Julia agrees and recalls that each parliamentarian shapes their office in a different way. Some allocate each officer to specific roles; others count on more generalist officers. “In the office where I work, there are people focused on citizen services. Others are more focused on communications; a more political part is focused on the legislative branch and overseeing the [work of the] executive branch.”
Claudio tells us how the office he works for is being set up. “As our tenure values cutting costs, we use one-third of the available officer positions. We focus on generalist people who work well with research and articulation of volunteers and experts.”
What is more interesting and more challenging about working as a legislative officer?
The three guests point to the potential for a positive impact on people’s lives as one of the greatest benefits of working as a legislative officer.
“Making laws is very interesting. You direct and give a mold for the execution of public policies. When I worked at the executive branch, I wanted to do a number of things, and the laws wouldn’t allow it. So, I arrived at the legislative branch full of desire to do that with popular participation mechanisms. Another interesting thing is to oversee the executive branch. But for that, it is important to understand the public policy to do quality work. I also like to assist citizens because being in contact with people helps us produce good laws,” says Julia.
Claudio points out two great pleasures in working in the legislative branch. They are the potential for things to be improved and the great impact of each measure on people’s lives. Among the challenges, he points out the reduced team, the hard work of articulation, balancing moments with and without political support. Also, there are the limits of the legislative branch’s power that run into that of the executive branch.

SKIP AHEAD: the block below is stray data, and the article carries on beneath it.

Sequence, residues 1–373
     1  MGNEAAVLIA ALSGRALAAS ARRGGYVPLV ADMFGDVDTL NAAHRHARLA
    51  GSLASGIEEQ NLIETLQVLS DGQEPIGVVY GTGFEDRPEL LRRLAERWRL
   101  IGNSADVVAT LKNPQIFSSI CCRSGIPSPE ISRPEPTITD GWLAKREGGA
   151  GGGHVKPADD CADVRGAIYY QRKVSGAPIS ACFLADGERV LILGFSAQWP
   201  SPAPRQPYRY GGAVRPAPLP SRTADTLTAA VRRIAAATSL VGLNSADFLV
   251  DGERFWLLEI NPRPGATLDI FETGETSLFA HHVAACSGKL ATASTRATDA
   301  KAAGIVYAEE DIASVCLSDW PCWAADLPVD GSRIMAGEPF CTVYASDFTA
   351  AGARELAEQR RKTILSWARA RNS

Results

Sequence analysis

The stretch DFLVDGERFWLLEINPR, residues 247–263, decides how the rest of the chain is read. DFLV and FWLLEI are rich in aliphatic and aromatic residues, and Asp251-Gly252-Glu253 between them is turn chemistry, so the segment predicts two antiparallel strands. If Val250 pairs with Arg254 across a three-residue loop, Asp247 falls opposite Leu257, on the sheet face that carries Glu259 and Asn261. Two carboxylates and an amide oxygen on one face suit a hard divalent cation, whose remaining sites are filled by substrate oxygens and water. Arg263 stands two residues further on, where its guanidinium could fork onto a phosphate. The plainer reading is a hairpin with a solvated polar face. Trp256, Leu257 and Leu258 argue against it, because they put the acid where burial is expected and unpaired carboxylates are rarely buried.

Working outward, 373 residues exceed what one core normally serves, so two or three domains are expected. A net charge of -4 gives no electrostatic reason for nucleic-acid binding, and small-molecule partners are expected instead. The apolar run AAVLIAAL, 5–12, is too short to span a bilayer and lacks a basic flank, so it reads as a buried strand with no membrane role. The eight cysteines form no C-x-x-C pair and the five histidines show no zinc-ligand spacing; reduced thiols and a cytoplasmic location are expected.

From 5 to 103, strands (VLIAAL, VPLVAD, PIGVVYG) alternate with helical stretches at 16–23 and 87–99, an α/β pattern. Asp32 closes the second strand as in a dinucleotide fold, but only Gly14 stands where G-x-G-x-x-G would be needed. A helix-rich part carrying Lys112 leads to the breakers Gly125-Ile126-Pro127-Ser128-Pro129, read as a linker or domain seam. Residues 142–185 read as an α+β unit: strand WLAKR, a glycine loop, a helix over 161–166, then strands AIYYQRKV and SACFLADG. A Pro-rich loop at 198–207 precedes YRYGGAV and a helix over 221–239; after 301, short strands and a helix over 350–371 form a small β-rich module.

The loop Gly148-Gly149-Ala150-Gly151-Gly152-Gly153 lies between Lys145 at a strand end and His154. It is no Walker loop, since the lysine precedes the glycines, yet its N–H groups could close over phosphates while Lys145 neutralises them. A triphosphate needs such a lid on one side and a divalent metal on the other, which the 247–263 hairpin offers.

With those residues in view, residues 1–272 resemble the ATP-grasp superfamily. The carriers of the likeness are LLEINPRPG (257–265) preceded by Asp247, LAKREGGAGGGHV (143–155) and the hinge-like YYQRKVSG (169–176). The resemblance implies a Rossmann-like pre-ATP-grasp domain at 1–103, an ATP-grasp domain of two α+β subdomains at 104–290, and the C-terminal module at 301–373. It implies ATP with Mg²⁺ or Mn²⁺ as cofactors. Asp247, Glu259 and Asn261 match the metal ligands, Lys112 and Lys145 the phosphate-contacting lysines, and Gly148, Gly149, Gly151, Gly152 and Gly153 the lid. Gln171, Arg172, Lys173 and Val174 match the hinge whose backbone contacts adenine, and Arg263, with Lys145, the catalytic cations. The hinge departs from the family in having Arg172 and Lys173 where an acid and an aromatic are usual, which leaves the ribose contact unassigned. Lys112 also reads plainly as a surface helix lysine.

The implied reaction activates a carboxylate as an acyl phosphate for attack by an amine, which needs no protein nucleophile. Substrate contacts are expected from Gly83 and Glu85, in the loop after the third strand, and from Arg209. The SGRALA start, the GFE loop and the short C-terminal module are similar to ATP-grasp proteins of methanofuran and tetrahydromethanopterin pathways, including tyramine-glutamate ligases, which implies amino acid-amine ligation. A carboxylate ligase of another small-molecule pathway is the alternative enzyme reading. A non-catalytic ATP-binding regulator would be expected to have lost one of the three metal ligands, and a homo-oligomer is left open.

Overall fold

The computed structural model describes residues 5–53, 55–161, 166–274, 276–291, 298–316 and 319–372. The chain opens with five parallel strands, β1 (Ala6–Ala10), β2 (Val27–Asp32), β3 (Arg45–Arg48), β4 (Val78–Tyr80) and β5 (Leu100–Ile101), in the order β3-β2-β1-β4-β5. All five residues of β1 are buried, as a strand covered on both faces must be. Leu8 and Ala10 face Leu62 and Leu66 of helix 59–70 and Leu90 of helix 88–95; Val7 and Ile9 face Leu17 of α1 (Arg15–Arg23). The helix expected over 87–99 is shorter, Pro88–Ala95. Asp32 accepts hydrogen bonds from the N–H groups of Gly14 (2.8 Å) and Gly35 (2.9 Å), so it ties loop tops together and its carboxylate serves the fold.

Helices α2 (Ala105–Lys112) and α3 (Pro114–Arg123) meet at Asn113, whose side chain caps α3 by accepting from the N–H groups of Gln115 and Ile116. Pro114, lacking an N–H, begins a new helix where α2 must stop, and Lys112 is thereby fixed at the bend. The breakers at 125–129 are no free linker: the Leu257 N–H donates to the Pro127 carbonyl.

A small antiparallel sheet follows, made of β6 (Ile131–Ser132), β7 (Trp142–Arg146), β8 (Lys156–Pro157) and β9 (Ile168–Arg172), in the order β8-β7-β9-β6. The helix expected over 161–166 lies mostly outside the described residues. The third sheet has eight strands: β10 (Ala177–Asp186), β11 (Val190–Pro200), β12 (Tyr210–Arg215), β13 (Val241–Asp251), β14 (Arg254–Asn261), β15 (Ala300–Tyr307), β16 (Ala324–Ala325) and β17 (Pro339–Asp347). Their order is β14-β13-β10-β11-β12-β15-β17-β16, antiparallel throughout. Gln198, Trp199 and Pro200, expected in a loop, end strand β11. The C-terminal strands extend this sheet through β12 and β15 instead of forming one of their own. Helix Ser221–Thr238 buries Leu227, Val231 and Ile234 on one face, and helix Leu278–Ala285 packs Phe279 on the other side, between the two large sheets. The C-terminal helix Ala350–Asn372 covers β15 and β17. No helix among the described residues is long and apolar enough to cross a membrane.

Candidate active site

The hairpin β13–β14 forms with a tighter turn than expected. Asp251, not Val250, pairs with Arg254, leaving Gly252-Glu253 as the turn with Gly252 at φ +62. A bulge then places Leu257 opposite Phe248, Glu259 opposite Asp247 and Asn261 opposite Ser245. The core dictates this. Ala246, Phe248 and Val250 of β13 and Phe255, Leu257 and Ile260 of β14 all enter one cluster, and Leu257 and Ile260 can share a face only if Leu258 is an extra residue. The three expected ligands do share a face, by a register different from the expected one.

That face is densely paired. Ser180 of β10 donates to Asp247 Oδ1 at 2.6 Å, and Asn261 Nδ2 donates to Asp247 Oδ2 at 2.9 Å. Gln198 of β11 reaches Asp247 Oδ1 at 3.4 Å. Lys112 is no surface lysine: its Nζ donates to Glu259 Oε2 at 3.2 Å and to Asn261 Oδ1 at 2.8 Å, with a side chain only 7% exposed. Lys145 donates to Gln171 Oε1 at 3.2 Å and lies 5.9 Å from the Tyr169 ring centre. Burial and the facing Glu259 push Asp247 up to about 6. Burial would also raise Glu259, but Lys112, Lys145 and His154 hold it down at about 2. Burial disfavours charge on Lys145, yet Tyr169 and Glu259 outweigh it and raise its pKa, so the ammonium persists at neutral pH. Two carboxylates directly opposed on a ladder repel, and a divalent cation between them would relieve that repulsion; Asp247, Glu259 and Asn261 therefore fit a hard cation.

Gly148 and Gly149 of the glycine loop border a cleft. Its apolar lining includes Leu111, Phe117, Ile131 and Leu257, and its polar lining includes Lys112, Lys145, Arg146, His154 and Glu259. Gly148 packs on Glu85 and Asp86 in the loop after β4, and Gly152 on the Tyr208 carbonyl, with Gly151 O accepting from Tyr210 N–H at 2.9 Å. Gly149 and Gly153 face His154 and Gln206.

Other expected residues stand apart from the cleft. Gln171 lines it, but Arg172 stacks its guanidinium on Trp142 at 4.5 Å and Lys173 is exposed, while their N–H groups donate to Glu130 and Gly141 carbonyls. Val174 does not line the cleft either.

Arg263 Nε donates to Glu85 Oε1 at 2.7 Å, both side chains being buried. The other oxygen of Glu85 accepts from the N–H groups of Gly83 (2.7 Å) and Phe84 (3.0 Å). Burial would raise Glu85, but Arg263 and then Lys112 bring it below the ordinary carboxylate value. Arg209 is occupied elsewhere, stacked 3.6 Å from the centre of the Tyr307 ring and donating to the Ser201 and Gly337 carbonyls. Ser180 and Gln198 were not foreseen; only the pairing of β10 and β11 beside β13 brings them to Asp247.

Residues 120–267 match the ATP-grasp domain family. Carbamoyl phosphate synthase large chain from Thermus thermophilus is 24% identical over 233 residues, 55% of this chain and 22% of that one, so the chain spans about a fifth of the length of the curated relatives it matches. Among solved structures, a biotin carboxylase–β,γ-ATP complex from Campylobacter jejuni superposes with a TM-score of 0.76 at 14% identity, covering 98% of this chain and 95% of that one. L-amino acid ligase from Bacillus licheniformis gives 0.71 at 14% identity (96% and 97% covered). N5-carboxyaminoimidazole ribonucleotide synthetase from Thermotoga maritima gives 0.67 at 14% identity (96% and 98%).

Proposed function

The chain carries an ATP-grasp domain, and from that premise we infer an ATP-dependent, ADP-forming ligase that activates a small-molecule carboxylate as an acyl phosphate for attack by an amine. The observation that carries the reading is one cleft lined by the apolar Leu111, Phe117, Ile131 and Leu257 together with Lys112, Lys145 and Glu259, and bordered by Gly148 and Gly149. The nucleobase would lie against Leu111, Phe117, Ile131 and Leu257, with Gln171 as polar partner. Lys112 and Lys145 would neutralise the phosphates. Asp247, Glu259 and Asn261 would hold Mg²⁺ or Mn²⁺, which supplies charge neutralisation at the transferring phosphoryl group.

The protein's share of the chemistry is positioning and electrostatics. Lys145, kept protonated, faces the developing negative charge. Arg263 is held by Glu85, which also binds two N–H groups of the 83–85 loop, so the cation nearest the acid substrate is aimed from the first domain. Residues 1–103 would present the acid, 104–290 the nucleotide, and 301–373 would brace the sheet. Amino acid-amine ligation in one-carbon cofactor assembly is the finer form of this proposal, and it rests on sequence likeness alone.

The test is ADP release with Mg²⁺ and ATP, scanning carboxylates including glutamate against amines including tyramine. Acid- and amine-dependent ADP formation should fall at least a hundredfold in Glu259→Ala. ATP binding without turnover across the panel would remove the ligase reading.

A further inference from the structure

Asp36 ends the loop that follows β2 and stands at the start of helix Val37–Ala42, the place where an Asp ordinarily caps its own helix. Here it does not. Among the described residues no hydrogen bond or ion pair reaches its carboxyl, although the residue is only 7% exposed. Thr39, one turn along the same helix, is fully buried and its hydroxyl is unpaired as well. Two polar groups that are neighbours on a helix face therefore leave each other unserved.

Emilia returned to the executive branch after her experience as a legislative officer. She emphasizes that its political aspect is both a challenge and a motivating factor. “For those who aspire to work with public policy, it is essential to leave the superficial view and better understand the political process as legitimate.”
Insper programs are not restricted to the classroom. They continuously aim to offer professional training activities and networking opportunities. “We have a program of Public Policy and Administration activities made up of open events. They aim to foster and qualify the public debate. We also have academic seminars on public policy. They alternate between a literature review on a given subject and an in-depth look at academic papers. Besides, we hold exclusive professional meetings with students and alumni, like this one about the legislative office we just promoted,” says Vinícius Barqueiro. He works at CGPP’s relationship front. “We believe that maintaining a lively network of academic and professional interaction and collaboration with students and alumni from different programs is one of Insper experience’s success factors.”
Discover the Public Policy and Administration courses and programs Insper offers: